Sadly, we are the ones who continue to perpetuate colonial policies, indeed the colonial treatment of each other. Our police force inherited the institutional memory of a colonial police force whose job was to protect the white minority and oppress native Kenyans. We inherited a government administration whose job was the same, to serve the white minority while simultaneously frustrating the native population. That institutional memory has never left. It needs to be done away with finally.
The police force needs to become an institution of service, rather than an oppressive force as so eloquently stated by the Kenya Kwanza team. At the very least, somebody has clearly demonstrated that they have recognized these issues.
Of course, the current Kenya Kwanza manifesto as good of a start as it is, still isn’t perfect. There were a couple of items that stood out as the exact opposite of bottom-up. An example is the water policy that involves selling our most essential national and natural resource, water, to private corporations. This suggests an incoherence in the policy that beggars the question of whose vulture capitalist influence made its way into an otherwise progressive platform.
They also spoke about “conservation tourism” which sounds good in theory, but in practice has been used by international “conservation” organizations as cover for highly destructive big game hunting. It has proven to be cover for deplorable policies allowing theft of land specifically from indigenous people and transferring it to so-called “international conservation organizations”.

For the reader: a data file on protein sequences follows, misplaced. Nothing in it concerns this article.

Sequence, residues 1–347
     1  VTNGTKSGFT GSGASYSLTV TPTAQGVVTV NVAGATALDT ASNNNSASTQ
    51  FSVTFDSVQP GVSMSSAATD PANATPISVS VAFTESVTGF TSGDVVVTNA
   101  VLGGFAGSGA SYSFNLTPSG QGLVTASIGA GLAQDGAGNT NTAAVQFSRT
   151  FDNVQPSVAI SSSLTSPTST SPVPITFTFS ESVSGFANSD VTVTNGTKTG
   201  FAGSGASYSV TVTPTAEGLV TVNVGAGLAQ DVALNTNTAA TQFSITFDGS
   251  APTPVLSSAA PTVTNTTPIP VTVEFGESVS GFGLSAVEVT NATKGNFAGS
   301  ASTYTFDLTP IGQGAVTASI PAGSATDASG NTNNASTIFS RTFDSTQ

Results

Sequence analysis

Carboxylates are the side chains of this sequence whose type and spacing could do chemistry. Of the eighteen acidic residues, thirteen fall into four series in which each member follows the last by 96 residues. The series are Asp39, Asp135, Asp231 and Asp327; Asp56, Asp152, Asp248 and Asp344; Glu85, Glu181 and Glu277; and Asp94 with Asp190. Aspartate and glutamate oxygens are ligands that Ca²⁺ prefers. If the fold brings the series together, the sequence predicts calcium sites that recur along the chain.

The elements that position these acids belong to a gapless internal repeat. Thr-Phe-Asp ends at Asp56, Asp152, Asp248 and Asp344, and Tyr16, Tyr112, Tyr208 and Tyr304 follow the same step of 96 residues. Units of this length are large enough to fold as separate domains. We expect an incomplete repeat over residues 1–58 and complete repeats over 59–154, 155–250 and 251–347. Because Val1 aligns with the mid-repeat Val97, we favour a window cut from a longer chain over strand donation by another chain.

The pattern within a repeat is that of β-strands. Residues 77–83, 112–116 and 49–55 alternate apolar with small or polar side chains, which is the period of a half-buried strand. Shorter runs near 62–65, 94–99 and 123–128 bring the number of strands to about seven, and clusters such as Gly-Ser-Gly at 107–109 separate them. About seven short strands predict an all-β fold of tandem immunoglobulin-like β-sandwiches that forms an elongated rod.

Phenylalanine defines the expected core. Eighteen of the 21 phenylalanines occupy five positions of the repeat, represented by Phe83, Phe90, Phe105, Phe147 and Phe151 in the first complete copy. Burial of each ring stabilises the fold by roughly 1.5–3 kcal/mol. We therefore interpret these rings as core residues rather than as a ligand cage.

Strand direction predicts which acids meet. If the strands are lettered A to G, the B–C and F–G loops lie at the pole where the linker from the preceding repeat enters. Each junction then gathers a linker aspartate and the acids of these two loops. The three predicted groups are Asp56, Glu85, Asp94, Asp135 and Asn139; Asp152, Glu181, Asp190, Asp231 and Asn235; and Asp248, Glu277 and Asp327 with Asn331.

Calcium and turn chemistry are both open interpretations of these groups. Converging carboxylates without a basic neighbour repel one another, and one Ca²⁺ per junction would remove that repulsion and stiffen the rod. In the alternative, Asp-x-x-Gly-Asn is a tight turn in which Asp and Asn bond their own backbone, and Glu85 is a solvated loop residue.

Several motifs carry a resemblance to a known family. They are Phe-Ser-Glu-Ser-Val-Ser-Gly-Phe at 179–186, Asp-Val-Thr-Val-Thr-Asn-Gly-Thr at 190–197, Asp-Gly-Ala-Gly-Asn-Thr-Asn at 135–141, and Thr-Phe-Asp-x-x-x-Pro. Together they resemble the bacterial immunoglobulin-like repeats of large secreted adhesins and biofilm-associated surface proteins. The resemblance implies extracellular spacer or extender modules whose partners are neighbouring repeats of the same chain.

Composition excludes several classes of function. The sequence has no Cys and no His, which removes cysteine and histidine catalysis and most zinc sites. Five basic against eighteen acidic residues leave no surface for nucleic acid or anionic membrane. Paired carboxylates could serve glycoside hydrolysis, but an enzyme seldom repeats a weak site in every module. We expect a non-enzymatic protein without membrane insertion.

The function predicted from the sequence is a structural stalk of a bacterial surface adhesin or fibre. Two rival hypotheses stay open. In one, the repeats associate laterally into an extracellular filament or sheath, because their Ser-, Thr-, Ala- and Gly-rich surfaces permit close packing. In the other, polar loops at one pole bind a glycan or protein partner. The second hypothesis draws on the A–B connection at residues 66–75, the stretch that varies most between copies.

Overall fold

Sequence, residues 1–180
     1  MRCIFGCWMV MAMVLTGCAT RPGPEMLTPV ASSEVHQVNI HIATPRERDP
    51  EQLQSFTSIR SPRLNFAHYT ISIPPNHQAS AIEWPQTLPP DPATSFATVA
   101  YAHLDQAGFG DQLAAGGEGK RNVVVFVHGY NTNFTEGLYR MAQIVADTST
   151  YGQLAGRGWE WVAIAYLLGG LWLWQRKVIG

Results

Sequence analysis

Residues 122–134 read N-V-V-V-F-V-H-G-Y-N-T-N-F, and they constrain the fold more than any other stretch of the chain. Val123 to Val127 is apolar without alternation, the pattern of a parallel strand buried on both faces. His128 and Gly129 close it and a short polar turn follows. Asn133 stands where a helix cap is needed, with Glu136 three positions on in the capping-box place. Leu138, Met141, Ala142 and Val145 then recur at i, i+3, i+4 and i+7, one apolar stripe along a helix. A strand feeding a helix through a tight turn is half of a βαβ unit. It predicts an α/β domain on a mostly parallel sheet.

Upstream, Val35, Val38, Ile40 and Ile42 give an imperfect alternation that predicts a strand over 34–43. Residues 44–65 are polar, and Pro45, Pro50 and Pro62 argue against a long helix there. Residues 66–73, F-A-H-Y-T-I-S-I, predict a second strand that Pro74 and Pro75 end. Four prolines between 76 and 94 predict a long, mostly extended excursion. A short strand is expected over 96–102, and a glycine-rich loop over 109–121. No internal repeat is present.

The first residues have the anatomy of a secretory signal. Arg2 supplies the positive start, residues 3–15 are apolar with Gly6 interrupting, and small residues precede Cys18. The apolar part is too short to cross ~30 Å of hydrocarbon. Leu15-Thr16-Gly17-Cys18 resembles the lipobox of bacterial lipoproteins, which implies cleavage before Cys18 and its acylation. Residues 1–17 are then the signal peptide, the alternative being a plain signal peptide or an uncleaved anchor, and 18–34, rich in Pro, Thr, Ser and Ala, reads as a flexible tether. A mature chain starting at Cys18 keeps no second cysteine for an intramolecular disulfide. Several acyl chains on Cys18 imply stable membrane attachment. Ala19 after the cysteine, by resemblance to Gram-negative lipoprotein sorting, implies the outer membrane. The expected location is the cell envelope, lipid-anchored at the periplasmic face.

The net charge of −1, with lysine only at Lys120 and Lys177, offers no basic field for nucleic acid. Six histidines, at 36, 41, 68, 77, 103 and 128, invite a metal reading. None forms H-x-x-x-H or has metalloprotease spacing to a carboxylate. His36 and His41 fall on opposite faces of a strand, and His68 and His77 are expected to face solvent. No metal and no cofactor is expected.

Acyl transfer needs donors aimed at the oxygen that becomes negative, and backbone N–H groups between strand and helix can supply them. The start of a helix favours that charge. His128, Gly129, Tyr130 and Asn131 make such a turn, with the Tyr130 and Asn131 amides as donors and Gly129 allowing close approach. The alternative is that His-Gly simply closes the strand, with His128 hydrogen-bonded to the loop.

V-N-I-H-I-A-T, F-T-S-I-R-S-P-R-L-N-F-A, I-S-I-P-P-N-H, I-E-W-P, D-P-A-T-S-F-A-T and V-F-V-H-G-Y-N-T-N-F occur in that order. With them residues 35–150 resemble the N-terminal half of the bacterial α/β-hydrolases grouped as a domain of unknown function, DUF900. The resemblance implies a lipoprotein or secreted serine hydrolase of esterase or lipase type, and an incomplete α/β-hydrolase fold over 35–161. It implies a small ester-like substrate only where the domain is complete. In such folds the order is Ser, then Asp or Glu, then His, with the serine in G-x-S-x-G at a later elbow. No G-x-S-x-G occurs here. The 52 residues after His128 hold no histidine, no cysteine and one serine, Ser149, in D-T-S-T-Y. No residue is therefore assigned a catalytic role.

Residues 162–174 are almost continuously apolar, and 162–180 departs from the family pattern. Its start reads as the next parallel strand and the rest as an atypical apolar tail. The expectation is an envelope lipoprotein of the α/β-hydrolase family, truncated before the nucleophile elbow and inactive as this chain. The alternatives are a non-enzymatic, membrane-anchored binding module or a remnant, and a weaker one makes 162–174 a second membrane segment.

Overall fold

These organizations turn around and sell big game hunting rights to private corporations claiming that this is a way to curl excess animal populations and bring in money for conservation. These benefits are nowhere evident anywhere across Africa.
There’s the situation that is currently taking place in Tanzania’s Ngorongoro region where the native Maasai are being forced off their lands to make way for big game hunting that has been sold as “conservation tourism. Native African populations have lived in harmony with the environment and wildlife for millennia. The very people who have destroyed the planet cannot claim to be its saviors.
Policies pushing a return to traditional agriculture and native farming methods backed with scientific research would be far more beneficial to the growth of agriculture and food security. Zimbabwe has greatly increased food security despite debilitating sanctions.
Furthermore, this emphasis on the use of fertilizer is regressive. We should be exploring alternative sources of manure or natural fertilizer and moving away from expensive and likely cancerous, imported, chemical fertilizers.
Of course, it remains to be seen whether there will be the goodwill to implement the policies as stated once Kenya Kwanza wins. However, it is still very refreshing to hear aspiring leaders state these things out loud. It displays a deep understanding of what ails Kenya. After all, one cannot treat a problem without accurately diagnosing it.
What we have seen in the Kenya Kwanza manifesto is a very good grasp of the ills of the colonial legacy. This legacy is what dictates that Kenyans must earn slave wages, that Kenyans must sell our natural and national resources at pennies for the dollar.
Indeed, this legacy goes even further to subject, not just Kenyans, but Africans in general to currency exchange rates dictated by the United States treasury whose currency is backed by nothing other than a printer.
African currencies on the other hand are, in fact, backed by our vastly valuable natural resources that drive economies the world over. We shall wait and see once Ruto is elected as seems most likely given his support, not just in the Mt. Kenya and Rift Valley regions but also in advances made in other regions that previously exclusively supported his opponent.